We recall the elementary aspects of soft set, Q-NS and Q-NSS relevant to this study.

Definition 2.1. [5] A pair (f, E) is a soft set over X if f is a mapping given by f : E [right arrow] P (X). That is, the soft set is a parametrized family of subsets of X.

Definition 2.2. [30] A soft set (f, E) over a group G is called a soft group over G if f (a) is a subgroup of G, [for all]a [member of] E.

Definition 2.3. [31] A fuzzy soft set (F, E) over a group G is called a fuzzy soft group over G if [for all][alpha] [member of] E, F(a) is a fuzzy subgroup of G in Rosenfeld's sense.

Abu Qamar and Hassan [22] proposed the notion of Q-neutrosophic set (Q-NS) in the following way.

Definition 2.4. [22] A Q-NS [[GAMMA].sub.Q] in X is an object of the form

[mathematical expression not reproducible]

where Q [not equal to] [phi] and [mathematical expression not reproducible] are the true, indeterminacy and false membership functions, respectively with [mathematical expression not reproducible].

Definition 2.5. [22] Let X be a universal set, Q be a nonempty set and A [??] E be a set of parameters. Let [[mu].sup.l]QNS(X) be the set of all multi Q-NSs on X with dimension l = 1. A pair ([[GAMMA].sub.Q], A) is called a Q-NSS over X, where [[GAMMA].sub.Q] : A [right arrow] [[mu].sup.l]QNS(X) is a mapping, such that [[GAMMA].sub.Q](e) - [phi] if e [??] A.

A Q-NSS can be presented as

([[GAMMA].sub.Q], A) = {(e, [[GAMMA].sub.Q](e)) : e [member of] A, [[GAMMA].sub.Q] [member of] [[mu].sup.l]QNS(X)}.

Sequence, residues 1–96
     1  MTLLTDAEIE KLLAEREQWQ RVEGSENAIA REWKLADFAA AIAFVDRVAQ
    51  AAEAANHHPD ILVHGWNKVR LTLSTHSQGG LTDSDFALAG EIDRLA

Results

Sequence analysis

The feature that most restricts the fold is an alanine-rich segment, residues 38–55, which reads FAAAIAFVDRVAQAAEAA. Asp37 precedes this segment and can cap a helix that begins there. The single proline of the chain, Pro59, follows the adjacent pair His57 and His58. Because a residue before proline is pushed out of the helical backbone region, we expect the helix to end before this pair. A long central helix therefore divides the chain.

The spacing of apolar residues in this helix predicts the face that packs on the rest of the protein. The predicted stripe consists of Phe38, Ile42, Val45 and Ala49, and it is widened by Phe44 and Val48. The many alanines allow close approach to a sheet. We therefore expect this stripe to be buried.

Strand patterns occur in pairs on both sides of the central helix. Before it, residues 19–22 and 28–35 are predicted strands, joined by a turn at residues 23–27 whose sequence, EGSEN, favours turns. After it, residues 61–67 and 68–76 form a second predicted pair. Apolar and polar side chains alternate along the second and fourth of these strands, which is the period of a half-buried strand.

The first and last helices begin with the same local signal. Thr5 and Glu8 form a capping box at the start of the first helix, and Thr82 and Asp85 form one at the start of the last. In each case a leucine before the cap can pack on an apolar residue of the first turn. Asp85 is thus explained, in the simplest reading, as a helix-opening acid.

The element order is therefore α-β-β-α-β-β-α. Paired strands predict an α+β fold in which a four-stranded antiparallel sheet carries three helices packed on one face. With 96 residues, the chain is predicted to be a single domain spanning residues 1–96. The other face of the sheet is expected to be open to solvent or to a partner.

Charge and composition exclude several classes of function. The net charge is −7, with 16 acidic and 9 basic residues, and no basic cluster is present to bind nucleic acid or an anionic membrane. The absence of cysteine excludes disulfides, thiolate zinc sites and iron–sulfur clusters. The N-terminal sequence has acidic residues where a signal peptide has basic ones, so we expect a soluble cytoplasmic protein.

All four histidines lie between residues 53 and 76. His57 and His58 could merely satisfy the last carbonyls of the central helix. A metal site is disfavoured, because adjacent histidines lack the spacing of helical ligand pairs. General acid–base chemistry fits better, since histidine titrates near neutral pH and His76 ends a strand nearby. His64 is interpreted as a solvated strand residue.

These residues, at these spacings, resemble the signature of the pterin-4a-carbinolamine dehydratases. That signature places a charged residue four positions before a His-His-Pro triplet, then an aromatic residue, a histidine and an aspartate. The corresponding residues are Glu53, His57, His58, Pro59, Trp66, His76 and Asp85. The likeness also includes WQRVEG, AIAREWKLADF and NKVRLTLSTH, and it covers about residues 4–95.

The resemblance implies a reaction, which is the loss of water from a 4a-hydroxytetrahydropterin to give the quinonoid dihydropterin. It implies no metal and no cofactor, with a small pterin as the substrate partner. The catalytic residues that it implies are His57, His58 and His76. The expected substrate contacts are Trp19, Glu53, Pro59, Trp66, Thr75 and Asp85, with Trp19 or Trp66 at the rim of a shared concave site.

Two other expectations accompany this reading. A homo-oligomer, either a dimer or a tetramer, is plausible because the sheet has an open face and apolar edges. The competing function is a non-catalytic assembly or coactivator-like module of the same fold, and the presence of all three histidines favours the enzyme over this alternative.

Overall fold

Definition 2.6 ([24]). Let ([[GAMMA].sub.Q], A), ([[PSI].sub.Q], B) [member of] Q - NSS(X). Then, ([[GAMMA].sub.Q], A) is a Q-neutrosophic soft subset of ([[PSI].sub.Q], B), denoted by ([[GAMMA].sub.Q],A) [??] ([[PSI].sub.Q],B), if A [??] B and [[GAMMA].sub.Q](e) [??] [[PSI].sub.Q](e) for all e [member of] A, that is [mathematical expression not reproducible] for all (s, p) [member of] X x Q.

Definition 2.7. [24] The union of two Q-NSSs ([[GAMMA].sub.Q], A) and ([[PSI].sub.Q], B) is the Q-NSS ([[LAMBDA].sub.Q], C) written as ([[GAMMA].sub.Q], A)[union] ([[PSI].sub.Q], B) = ([[LAMBDA].sub.Q], C), where C = [LAMBDA] [union] B and [[for all].sub.c] [member of] C, (s,p) [member of] X x Q, the membership degrees of ([[LAMBDA].sub.Q], C) are:

[mathematical expression not reproducible]

Definition 2.8. [24] The intersection of two Q-NSSs ([[GAMMA].sub.Q], A) and ([[PSI].sub.Q], B) is the Q-NSS ([[XI].sub.Q], C) written as ([[GAMMA].sub.Q], A) n ([[PSI].sub.Q], B) = ([[XI].sub.Q], C), where C = A [intersection] B and [[for all].sub.c] [member of] C and (s,p) [member of] X x Q, the membership degrees of ([[XI].sub.Q], C) are: